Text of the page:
Charity watchdog reveals inquiry into eight groups after fraudster was jailed
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Charity watchdog reveals inquiry into eight groups after fraudster was jailed

Regulator ran probe in wake of the sentencing of Edward Cohen, looking at a series of community charities

The Charity Commission has revealed a five-year old ongoing class inquiry into eight linked Jewish charities following the sentencing of a Charedi fraudster in London last week.

Edward Cohen, from Stamford Hill, was an administrator of Chabad UK [unrelated to Chabad-Lubavitch UK] and sold counterfeit erectile dysfunction and slimming pills worth more than £10.3 million through several bank accounts linked to the charity.

He was jailed for nine years and nine months at Southwark Crown Court for money laundering, theft of funds given for charitable purposes, and supplying false information to the Commission. In April, he was also found guilty of benefit fraud totalling £233,000.

Following the outcome of the court case, the charity watchdog said it could now reveal its class inquiry into Chabad UK, Havenpoint Worldwide, Mamosh Worldwide, Or Simcha, Ozer Dalim, Pikuach Nefesh, Worldwide Hatzala and Havenpoint.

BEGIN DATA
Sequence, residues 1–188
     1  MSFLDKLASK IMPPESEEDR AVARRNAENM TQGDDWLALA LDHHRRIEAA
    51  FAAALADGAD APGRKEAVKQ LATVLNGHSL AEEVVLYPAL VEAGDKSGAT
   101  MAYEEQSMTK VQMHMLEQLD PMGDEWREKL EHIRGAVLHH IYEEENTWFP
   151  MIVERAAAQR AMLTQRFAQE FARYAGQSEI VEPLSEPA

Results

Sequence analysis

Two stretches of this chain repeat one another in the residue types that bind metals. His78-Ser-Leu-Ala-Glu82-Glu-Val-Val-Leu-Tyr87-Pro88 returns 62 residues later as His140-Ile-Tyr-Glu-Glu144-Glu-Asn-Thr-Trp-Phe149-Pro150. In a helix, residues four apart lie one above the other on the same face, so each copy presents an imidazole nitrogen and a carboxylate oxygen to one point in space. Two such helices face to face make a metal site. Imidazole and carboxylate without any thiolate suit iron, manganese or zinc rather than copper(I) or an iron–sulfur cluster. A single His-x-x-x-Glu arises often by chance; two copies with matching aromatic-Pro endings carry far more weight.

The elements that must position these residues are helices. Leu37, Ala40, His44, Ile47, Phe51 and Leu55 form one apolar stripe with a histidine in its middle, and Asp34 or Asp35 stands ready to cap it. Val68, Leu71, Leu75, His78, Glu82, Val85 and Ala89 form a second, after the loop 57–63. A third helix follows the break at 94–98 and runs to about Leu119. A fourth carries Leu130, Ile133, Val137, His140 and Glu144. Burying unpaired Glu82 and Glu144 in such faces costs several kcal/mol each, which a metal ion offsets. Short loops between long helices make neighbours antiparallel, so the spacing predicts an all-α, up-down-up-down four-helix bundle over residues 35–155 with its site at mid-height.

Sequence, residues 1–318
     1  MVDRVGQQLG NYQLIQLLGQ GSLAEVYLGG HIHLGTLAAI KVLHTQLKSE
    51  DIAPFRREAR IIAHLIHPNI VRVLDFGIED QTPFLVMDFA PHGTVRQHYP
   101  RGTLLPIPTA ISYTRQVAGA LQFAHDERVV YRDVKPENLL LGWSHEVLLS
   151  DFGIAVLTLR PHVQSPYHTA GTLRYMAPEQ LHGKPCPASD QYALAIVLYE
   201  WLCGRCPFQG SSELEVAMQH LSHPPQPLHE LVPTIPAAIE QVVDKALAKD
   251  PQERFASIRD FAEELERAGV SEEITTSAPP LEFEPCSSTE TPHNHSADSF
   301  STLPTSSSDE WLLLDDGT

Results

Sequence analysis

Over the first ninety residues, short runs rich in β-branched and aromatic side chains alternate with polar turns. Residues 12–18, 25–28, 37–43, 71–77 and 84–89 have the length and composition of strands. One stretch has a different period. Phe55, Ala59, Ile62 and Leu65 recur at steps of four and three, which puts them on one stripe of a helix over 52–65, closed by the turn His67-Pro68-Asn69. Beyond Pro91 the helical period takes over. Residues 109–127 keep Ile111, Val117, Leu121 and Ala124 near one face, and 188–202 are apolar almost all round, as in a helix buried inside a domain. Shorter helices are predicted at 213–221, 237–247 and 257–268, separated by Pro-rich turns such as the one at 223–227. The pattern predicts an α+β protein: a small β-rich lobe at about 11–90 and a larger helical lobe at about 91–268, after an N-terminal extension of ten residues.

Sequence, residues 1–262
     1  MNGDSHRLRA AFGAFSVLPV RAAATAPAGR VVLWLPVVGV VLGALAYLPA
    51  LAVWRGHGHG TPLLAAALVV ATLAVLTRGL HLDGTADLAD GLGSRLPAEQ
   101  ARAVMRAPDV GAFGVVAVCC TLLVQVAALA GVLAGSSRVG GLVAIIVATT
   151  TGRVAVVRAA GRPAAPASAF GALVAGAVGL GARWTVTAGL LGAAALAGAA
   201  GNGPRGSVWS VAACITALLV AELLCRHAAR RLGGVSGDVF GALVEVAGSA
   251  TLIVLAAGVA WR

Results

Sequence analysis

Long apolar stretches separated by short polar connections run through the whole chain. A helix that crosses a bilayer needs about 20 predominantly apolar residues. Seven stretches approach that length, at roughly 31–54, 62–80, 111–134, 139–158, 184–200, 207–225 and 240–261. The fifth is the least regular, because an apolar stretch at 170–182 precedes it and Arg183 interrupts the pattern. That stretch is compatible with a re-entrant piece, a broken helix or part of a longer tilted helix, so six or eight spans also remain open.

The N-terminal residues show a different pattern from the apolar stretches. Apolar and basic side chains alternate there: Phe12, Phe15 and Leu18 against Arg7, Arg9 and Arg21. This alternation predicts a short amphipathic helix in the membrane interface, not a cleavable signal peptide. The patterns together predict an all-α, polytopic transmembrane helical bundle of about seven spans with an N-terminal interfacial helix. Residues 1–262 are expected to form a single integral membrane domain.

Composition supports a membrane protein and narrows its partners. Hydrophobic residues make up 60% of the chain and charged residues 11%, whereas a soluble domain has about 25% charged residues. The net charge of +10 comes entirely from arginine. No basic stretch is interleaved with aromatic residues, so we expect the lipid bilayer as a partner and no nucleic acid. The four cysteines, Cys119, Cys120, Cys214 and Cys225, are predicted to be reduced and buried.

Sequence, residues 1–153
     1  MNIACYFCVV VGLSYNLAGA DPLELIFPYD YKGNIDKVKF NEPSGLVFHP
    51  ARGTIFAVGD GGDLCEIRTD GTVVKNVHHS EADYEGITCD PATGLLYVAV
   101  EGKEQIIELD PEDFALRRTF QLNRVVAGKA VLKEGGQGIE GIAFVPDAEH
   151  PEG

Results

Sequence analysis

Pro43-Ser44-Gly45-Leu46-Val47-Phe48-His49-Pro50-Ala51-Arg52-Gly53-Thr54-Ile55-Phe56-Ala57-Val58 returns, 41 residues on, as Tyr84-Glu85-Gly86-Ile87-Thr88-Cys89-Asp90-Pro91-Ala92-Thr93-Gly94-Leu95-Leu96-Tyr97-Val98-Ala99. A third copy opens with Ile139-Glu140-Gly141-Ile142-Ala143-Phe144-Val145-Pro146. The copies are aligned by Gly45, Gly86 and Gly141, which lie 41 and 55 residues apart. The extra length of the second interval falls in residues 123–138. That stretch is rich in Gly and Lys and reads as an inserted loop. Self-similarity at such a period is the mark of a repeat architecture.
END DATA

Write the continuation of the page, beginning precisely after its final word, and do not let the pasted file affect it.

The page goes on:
The Metropolitan Police said the charities are based in Stamford Hill, linked to Chabad UK and had bank accounts controlled by Cohen. Investigators say he was routing payments for the unlicensed pills through them.

“Between March 2012 and September 2014, nine companies of the Chabad UK group, seven of which were registered charities, processed over £10.3 million, a very small proportion of which were legitimate charitable donations,” the Met said.

“During the same period, £8.6 million was transferred to Foreign Exchange accounts, and £1.6 million was transferred to a number of Money Service Bureaus. Thousands of pounds were also transferred to the defendants’ personal accounts.”

The class inquiry, which is close to completion, is examining whether the charities were used as a conduit to launder the proceeds of crime, whether they used charitable funds for criminal purpose, and whether the other trustees personally benefited.

On the outcome of Cohen’s trial, the Commission’s head of investigations Amy Spiller said: “This case has involved a dishonest abuse of charity and we welcome the sentence.”

She added: “Charities exist to do good and strengthen society, so abuse of position of this kind has no place in charity. It is right that the individual has been held to account for his actions through the conviction.”

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